First Ride Review
Do you remember your earliest days of riding? The sense of unbridled freedom and all-consuming thrill? I sure do. Back when I was a stressed-out grad student, I emptied my bank account to buy a used Yamaha FZ750 and maxed out my credit card to buy a black leather Vanson jacket and a Shoei helmet. That bike was my relief valve, my escape hatch. Every time I hit the starter button I went from zero to hero, from wrung-out to blissed-out.
With its reborn Scrambler, Ducati wants to take us back to those simpler, more carefree times, when we rode just for the fun of it, when obligations were few and good times were plentiful. Ducati built small-displacement, single-cylinder Scramblers in the ’60s and ’70s to provide basic, inexpensive bikes for the American market. Ducati calls the new Scrambler’s design “post heritage”; it’s what the original might have become had Ducati never stopped making it, similar to its SportClassic line from a few years ago. From the teardrop tank with brushed aluminum panels to the round headlight and wide handlebar, the new Scrambler is inspired by the past but is fully modern with standard ABS, an LED headlight ring and taillight, digital instrumentation and a USB socket under the seat.
Hanging from the tubular-steel trellis frame is an air-cooled, SOHC, 2-valve-per-cylinder, 803cc 90-degree L-twin derived from the Monster 796, which makes 75 horsepower at 8,250 rpm and 50 lb-ft of torque at 5,750 rpm (claimed). Desmodromic valve actuation uses the same 11-degree valve overlap as the Multistrada and Diavel, and the electronic fuel injection uses a single 50mm throttle body with two sub-butterfly injectors. The aluminum covers for the clutch, alternator and cam belts have machined detailing, and the exhaust header pipes curve gracefully on the right side and merge into a single low-slung silencer. The transmission has six gears, the APTC wet slipper clutch is cable-actuated, final drive is via chain and the swingarm is cast aluminum. Suspension is by Kayaba, with a non-adjustable 41mm male-slider fork and a preload-adjustable single shock, both with 5.9 inches of travel. Brakes are by Brembo, with a single 330mm disc in front gripped by a 4-piston M 4.32B monobloc radial caliper and a single 245mm disc out back with a 1-piston caliper, and switchable (you can turn it off) Bosch 9.1 MP ABS is standard. Cast aluminum 10-spoke wheels, 18-inch front and 17-inch rear, are shod with Pirelli MT60 RS tires with an exclusive semi-knobby tread design.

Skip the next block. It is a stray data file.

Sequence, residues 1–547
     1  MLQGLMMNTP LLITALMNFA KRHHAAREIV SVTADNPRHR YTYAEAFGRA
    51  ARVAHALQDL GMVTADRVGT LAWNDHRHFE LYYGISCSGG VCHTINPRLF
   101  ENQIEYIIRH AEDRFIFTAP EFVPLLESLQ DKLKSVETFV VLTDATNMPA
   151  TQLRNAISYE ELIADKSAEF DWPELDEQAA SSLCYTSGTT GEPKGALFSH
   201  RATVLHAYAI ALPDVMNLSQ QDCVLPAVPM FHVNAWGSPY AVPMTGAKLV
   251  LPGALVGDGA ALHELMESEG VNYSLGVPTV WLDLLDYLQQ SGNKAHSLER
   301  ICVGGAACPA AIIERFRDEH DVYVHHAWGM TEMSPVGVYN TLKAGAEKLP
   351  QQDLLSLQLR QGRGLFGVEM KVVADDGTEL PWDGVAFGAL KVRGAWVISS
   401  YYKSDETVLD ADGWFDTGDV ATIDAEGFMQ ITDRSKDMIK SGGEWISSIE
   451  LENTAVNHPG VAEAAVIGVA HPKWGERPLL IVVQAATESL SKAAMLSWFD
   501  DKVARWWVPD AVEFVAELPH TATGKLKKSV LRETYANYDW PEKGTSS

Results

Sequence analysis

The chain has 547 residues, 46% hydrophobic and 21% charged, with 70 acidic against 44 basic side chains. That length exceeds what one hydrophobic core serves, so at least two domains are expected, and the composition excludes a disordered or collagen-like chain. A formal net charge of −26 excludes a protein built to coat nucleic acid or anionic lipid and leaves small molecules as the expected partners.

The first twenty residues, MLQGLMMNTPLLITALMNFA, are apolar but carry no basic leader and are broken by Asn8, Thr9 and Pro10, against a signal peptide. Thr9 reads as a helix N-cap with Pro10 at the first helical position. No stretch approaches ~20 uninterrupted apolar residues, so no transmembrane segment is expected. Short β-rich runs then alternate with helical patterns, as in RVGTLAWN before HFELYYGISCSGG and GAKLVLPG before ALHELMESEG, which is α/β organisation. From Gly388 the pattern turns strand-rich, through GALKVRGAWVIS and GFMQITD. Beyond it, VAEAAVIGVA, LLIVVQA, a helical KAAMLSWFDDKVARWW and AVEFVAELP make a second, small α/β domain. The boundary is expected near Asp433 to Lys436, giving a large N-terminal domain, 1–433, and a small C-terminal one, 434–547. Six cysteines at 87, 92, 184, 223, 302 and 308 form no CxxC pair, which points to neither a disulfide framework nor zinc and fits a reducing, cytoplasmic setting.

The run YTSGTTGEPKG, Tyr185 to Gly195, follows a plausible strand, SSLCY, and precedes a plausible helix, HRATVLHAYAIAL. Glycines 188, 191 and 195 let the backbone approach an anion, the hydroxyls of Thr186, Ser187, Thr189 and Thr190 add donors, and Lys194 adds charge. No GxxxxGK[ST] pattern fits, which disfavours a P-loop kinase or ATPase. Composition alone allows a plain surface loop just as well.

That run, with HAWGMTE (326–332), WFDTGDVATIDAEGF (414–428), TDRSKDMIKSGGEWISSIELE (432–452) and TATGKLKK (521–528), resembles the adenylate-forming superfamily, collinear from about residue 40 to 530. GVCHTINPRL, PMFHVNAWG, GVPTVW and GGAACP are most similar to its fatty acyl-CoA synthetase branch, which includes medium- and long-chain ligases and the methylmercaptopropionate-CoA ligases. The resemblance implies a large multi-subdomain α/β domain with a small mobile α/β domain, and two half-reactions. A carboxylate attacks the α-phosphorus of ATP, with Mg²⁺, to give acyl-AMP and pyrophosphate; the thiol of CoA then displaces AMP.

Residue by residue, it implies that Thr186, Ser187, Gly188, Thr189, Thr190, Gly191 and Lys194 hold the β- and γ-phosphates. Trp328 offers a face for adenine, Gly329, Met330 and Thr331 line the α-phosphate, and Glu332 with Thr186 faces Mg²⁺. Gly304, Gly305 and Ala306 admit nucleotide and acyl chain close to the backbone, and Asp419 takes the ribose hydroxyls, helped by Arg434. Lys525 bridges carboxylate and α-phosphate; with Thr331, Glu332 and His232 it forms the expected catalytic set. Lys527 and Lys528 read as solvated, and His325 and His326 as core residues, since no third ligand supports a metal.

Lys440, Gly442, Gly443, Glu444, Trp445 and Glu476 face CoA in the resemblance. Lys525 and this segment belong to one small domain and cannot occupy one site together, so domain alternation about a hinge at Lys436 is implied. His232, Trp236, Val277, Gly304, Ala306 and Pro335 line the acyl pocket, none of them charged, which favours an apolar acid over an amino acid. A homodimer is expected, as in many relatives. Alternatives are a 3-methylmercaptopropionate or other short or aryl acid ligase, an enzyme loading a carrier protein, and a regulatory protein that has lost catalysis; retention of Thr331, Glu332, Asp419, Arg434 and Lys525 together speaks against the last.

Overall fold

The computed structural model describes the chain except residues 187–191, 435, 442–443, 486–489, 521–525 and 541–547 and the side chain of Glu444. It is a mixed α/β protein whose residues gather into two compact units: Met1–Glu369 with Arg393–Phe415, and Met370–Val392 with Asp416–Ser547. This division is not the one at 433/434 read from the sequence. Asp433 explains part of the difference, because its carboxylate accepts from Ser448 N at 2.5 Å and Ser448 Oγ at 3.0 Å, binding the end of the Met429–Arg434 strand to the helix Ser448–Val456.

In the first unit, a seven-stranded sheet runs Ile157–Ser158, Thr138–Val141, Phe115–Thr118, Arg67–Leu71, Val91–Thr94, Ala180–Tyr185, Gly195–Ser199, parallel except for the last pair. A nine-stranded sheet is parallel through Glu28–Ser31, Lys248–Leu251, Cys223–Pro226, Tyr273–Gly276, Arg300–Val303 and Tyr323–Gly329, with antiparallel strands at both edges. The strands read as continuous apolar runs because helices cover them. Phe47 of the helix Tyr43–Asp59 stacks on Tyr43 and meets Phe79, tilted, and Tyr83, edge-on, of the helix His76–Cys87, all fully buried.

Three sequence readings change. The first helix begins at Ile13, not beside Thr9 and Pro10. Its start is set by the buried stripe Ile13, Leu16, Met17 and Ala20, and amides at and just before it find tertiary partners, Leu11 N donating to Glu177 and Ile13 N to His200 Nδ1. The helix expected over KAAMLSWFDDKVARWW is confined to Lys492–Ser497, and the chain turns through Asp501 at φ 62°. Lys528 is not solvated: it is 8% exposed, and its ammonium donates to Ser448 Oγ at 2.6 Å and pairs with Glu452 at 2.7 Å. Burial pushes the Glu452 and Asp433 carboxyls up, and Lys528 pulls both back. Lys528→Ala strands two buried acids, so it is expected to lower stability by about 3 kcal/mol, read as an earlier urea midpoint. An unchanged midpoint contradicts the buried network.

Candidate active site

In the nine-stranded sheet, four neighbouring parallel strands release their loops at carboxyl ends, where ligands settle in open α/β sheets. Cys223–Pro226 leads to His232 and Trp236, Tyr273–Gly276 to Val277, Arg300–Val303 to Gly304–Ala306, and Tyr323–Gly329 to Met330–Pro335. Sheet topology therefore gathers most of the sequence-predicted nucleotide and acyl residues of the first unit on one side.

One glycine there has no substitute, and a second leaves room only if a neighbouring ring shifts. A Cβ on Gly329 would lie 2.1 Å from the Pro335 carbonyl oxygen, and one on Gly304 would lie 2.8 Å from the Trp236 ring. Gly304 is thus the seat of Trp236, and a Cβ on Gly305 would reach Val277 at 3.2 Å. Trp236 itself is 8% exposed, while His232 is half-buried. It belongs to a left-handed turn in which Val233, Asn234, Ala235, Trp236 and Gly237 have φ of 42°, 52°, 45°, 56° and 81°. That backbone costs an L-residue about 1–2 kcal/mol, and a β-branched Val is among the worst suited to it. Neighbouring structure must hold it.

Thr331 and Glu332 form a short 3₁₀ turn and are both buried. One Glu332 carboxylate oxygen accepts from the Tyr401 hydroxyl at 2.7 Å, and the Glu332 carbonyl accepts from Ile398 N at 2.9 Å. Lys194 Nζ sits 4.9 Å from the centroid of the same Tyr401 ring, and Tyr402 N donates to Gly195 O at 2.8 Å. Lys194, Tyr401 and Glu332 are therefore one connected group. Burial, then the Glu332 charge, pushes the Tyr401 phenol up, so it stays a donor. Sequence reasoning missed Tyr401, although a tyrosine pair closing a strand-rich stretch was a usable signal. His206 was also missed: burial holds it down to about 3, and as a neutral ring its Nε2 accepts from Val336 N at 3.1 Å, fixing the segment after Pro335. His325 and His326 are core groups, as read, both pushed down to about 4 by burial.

In keeping with the Scrambler’s American roots, Ducati hosted its first-ever world press launch on U.S. soil, in Palm Springs, California. We rode the standard Icon model, which is available in Ducati Red ($8,495) or ’62 Yellow ($8,595). Three factory customized versions are also available for $9,995 each (see photos below): the Classic, with Orange Sunshine paint, metal fenders with a traditional plate holder, special seat stitching and spoked wheels; the Urban Enduro, with Wild Green paint, a high fender, headlight grill, handlebar cross-brace, sump guard and spoked wheels; and the Full Throttle, with Deep Black paint and yellow accents, Termignoni exhaust, a low tapered handlebar, sport seat and cast wheels.
With a low, 31.1-inch seat (accessory low seat is just 30.3 inches) and a high, wide handlebar, the Scrambler is the most approachable bike to come out of Bologna in years. The seat is narrow and low in front, sloping upward and getting wider toward the back, with passenger grab handles cleverly hidden underneath. The upright seating position and easy reach to the handlebar is comfortable, but the seat is hard and rangy types like me will feel a bit cramped. Claimed wet weight is just 410 pounds, and the 3.6-gallon tank tucks narrowly between the knees. The rumbling engine is peppy but unintimidating, biased toward low-end torque rather than top-end power. A low first gear encourages jackrabbit starts, and short shifting keeps the engine in the meaty part of the torque curve. The transmission felt notchy in the lower gears and finding neutral was difficult, but clutch action was light and both levers are adjustable.
Ascending into the San Jacinto Mountains on twisty Route 243, the Scrambler felt light and flickable, ready for any riding style or skill level. For my above-average weight, the suspension felt softly sprung, with too much fork dive under braking and a harsh ride over rough pavement, but the bike never felt squirrely. The brakes are strong and easy to modulate, and the ABS doesn’t intrude too early. Turning off the ABS requires futzing with the setup menu on the all-digital instrumentation. The tachometer, a thin line that sweeps from right to left along the bottom of the single, round gauge, is small and non-intuitive, but the other info is easy to read and buttons on the left switchgear toggle through multiple functions.
After lunch, another editor and I broke away from the group and rode the last 40 miles on our own. We rode at a brisk pace down Palms to Pines Highway and then zigzagged our way through traffic back to the hotel, just two guys out for a joy ride. That’s when it clicked. The Scrambler is a significant departure from the Ducati we know today, a bike where performance takes a pillion seat to playfulness, where you feel cool just for being on two wheels rather than the particular brand of bike you’re riding (though the Scrambler offers plenty of Ducati’s signature style).
If you’re wondering why the Scrambler doesn’t have high pipes, that’s because the original didn’t have them, and the low pipe is more passenger-friendly. But high pipes are available as accessories, as are tank panels in various colors and styles, all sorts of bolt-on goodies, luggage and a full line of apparel. Scramblers should be in dealerships by March, and the affordable, versatile, good-times machine should be a big hit.